This morning, I was listening to Casting Crowns’ song “Thrive” on the way to work. I love the way the music makes you feel joyful. And I realized that, yes, I am thriving now, and life is good.
Then I realized it’s now been 10 years since my ex-husband met the other woman. (Or at least when I met her. He said, “There’s someone I’ve been wanting you to meet.” Which I figure means I was still his best friend. Unfortunately, that changed.) As my marriage fell apart, I NEVER would have guessed how thoroughly I’d be thriving now. God is SO good! And I guess I can trust Him if things in the next year or so don’t go as I hope they will!
I can’t emphasize enough how dark that time was for me. I couldn’t imagine ever being happy again. Yet now life is very, very good.
I wouldn’t be a Librarian, wouldn’t live in my own lovely condo in Virginia, wouldn’t have a son who’s graduated from the best high school in the nation, wouldn’t attend Gateway Community Church, wouldn’t be up for my dream job if all of that hadn’t happened. God can bring good out of even horrible things.
And God also used it to show me how MUCH He loves me. Our pastor said once that great faith comes from desperate need. No glory to yourself, but when you’re desperate, God comes through.
And that gets me thinking about Faith. Our church has been going through James this summer, and Faith is a big theme in James. In fact, they’ve titled the sermon series “Faith That Works.”
I think when I was a kid, the “double-minded man” passage in James 1 kind of disturbed me. Were you supposed to ask for something and then screw up the ability to believe that it would happen, and if you doubted, then it wouldn’t? When my marriage fell apart, I prayed earnestly, for years, that it would be restored, and that my husband would come back to me. And I thought God was telling me that would happen.
And when I did file for divorce, I was afraid I was lacking in faith. But when I was praying about it, asking for direction, God’s answer was in Hebrews 11 — “By faith, Abraham offered his son Isaac on the altar… even though God had said to him, ‘It is through Isaac that your offspring will be reckoned.'” I felt like God was saying to give Him my marriage and my hopes for the future. I was still hoping, like Abraham, that the end result would be resurrection. But I had to make the offer genuine, either way.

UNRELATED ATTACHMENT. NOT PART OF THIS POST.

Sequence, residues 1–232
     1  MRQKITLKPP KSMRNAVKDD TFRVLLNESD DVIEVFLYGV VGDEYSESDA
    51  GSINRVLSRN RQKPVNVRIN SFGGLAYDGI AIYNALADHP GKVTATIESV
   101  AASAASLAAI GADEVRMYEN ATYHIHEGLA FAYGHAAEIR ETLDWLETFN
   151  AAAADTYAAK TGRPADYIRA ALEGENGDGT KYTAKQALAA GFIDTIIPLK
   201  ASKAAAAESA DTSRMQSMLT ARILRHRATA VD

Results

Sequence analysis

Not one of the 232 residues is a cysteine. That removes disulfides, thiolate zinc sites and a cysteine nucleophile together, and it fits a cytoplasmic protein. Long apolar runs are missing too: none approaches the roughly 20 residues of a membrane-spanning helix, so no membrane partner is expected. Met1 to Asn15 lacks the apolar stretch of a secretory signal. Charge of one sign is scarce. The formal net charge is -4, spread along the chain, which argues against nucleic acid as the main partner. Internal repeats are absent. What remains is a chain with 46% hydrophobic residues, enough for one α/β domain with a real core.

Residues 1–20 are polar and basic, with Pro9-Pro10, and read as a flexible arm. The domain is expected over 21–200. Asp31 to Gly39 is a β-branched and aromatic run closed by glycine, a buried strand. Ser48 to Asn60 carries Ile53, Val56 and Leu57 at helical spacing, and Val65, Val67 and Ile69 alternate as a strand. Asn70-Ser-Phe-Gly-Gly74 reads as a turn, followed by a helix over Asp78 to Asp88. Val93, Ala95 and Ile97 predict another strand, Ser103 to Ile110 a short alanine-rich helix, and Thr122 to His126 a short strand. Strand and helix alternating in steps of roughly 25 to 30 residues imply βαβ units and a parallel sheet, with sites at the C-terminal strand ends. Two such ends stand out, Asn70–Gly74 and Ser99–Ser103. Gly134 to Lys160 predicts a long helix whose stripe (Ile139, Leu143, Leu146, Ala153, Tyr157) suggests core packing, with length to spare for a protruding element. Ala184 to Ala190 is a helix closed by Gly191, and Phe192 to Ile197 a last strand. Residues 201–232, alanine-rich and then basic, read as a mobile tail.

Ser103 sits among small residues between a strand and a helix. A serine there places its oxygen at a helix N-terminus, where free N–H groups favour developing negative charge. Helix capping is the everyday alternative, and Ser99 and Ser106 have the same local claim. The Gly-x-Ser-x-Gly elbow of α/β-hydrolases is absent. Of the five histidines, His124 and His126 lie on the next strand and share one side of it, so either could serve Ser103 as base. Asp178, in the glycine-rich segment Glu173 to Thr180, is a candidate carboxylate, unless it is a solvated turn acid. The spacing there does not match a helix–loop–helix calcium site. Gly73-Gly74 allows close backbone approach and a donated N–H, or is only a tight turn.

Abraham believed God had promised him abundant offspring. But he didn’t cling to his own view of how God would do that.
And I noticed that the double-minded man passage in James comes right after the verse about “If any of you lacks wisdom, he should ask God.” That’s what we’re supposed to have faith about. And faith in James is always about what we do. So I really think that James is saying, “If you need direction, ask God. And then do what He tells you, or you don’t really trust him.” I don’t think it’s about holding onto your own ideas of what God will do, but trusting God enough to do what He tells you.
This actually fits with the study of Psalms I did last Spring. I noticed that David pours out his heart to God and tells Him what He’s feeling. He is bold about asking God to act — but he just doesn’t tell God what to do, like we tend to do.
So a better way to pray for my marriage is to tell God how my heart was broken and that I’m lonely — and trust Him to figure out what to do about that.
And when I look back at what I thought God was telling me as I prayed — everything I thought He was telling me to do was good advice. Okay, maybe He wasn’t telling me the future. Maybe the promises about my ex-husband are that he’ll come back to God some day, not to me. Eventually, I felt that God was telling me that I shouldn’t be yoked together with someone who wants nothing to do with God.
A year ago, I started thinking about dating. I prayed about that as well. The pastor was doing a sermon on Abraham, and I thought Hagar would come up, and I’d hear about “Plan B living,” and I was afraid no longer hoping to remarry my ex would be lacking in faith and going for second best.
But the pastor brought a chalkboard up on stage and drew a diagram. He made a line across the board which he said represented a continuum. On one end was just letting things happen. On the other end was trying to completely control everything. He said where we want to live is right in the middle, on the Path of Trust.
I realized that “Standing for my Marriage” and trying to pray my husband back was trying to Control things. If I couldn’t have the perfect marriage, well then I’d be the perfect little martyr and pray until he gave in. But that was all my idea. I decided it would take a lot more trust to start dating again. (It still took me six months to actually do it. But that was when I decided that doing so would take more faith rather than less.)
In Hebrews 11 again, the author summarizes what, to me, Faith is all about: “And without faith, it is impossible to please God, because anyone who comes to him must believe that he exists and that he rewards those who earnestly seek him.” You have to believe that it’s worth it to follow God.
And that means doing what He tells you. When you ask for direction, don’t ask for advice, which you can take or leave. If God really knows best, then do it.
And the really cool thing? He works all things together for good for those who love Him — even truly horrible things like divorce can bring great good things in your life.
Isn’t He amazing?